So actually, it may work out. They'll blow the DTV transition, but these people will still be able to watch Pastor Bozo's Get Right With Jesus channel.

Posted by: Bob | February 9, 2008 7:34 AM


Posted by: GERALD H. MAURICE | February 9, 2008 11:03 AM

A "battery powered" converter box would be pretty USELESS if the power is out unless your TV runs on batteries...which most don't. You should THINK before you post! Especially when you post in ALL CAPS.

Posted by: To Gerald | February 11, 2008 4:17 PM

I thought these stations wouldn't have a frequency after the transition. Wasn't the whole point of this process to free up the frequency range for resale?

Posted by: kevin | February 12, 2008 12:52 PM

LPTV stations will continue to have frequencies. However, they are considered a secondary service by the FCC, which means they could be bumped by a primary service (like full-power DTV.) This happened to WMDO-LP a few years ago when WRC-TV got channel 48 for its DTV broadcast - they moved to channel 30, then 47. Most of the local LPTVs have applied for a digital channel, by the way (WMDO's will be 8.)

Posted by: dave | February 12, 2008 1:27 PM

A "battery powered" converter box would be pretty USELESS if the power is out unless your TV runs on batteries...which most don't. You should THINK before you post! Especially when you post in ALL CAPS.

Posted by: To Gerald | February 11, 2008 04:17 PM


Don't chastise him for using internet conventions. Whack posts should always be posted in all caps so they can either be skipped entirely or enjoyed for their kitsch value.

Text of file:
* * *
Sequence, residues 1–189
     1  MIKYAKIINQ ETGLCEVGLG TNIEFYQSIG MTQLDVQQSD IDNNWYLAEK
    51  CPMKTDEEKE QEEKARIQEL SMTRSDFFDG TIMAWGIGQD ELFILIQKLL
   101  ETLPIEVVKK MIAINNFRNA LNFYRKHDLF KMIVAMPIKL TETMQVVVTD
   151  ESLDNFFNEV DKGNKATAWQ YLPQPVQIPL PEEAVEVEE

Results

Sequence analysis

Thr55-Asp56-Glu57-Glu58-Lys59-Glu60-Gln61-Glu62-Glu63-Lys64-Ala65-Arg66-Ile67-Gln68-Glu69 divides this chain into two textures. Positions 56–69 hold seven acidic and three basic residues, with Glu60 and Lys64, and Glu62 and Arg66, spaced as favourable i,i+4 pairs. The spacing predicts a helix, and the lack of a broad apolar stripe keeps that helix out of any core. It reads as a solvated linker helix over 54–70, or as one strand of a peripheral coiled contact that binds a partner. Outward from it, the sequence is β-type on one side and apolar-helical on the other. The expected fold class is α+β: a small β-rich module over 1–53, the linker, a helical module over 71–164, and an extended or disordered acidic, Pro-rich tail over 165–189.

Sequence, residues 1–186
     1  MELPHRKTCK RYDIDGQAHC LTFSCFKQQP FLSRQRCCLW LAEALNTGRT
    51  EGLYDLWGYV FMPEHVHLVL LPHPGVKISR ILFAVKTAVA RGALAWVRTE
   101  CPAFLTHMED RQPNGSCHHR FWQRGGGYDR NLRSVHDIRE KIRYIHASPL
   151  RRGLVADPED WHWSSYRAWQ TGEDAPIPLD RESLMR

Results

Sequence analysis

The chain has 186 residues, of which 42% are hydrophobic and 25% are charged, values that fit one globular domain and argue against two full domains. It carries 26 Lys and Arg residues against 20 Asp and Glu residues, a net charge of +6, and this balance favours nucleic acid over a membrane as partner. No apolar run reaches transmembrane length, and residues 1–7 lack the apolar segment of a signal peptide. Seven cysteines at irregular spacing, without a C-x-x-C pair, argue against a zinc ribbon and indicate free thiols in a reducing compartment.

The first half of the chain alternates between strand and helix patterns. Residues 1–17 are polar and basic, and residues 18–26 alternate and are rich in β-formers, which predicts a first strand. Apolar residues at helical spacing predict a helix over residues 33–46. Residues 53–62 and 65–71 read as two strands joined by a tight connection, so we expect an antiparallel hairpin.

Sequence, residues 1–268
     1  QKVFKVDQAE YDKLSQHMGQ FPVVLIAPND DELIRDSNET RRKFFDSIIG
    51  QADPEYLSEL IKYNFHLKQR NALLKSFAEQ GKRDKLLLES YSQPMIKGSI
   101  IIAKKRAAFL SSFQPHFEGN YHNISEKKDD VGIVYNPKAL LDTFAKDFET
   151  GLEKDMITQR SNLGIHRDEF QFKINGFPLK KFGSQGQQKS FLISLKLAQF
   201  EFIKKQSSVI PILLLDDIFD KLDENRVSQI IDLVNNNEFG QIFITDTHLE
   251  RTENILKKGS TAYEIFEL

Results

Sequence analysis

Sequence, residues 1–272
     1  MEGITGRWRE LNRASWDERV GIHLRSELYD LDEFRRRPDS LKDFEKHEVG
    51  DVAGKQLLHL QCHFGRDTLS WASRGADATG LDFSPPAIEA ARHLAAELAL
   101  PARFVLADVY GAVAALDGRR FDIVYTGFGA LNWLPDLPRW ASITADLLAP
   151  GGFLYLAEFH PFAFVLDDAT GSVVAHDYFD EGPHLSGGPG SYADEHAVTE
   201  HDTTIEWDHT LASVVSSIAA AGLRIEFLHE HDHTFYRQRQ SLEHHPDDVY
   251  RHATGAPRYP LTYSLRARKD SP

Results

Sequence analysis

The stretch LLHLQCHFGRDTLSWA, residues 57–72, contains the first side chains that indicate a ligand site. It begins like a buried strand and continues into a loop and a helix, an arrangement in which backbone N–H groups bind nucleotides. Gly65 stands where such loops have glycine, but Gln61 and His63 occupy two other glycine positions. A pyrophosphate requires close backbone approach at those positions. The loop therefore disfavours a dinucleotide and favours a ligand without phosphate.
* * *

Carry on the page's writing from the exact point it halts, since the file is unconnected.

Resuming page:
Posted by: Robert17 | February 13, 2008 3:59 AM

Before you totally discredit Mr. Maurice's post, think about it for a moment. I know i've seen stacks of boxes of portable B&W TVs at Walmart, Radio Shack, Target; and I'm sure they are also available at Walgreen's, Cosco and who know's where else. Add to that, the number of these that have been given away at car dealerships, Time Share presentations, etc. So don't be too dismissive of his point of view. There will be many people that, during a storm or something, will pull out their portable TVs, put fresh batteries in them, and be greeted with nothing but static. Some of the lucky ones will flip a switch and listen to the included radio, others won't be so lucky...

Posted by: James | February 13, 2008 1:08 PM

On a related note , here in greater Detroit, MI Comcast attempted to move these "low-powered" stations to a higher channel (ie. channel 11 to 900 - beyond the acceptance of standard televisions). While offering individuals a free cable-box for one year. The muni's brought suit agains Comcast and won. The court ordered a stay since it violated the purpose of carrying the channels to the communitties.

Posted by: lsl | February 13, 2008 2:21 PM

Funny thing !
The forced move to digital, which will probably financially destroy local stations, coincides with the increasing monopolization of the media.
There will be no local independent news to counter the corporate distortions and pablum we now get.
The FCC had previously tried to dictate the content of the PBS. The FCC is an arm of corporate broadcasring and corporations, just like the Fed, Congress and our Pres who are bailing out Wall street banks who perpetrated one of the greatest frauds in history with the supposedly AAA rated mortgage backed securities ( which essentially contained "junk bonds" in their tranches.

What happened to the long-adored "free market". Now we have Corporate Socialism".

Better pay attention !

Posted by: DJim | February 13, 2008 5:06 PM


Posted by: jorge | March 7, 2008 5:49 AM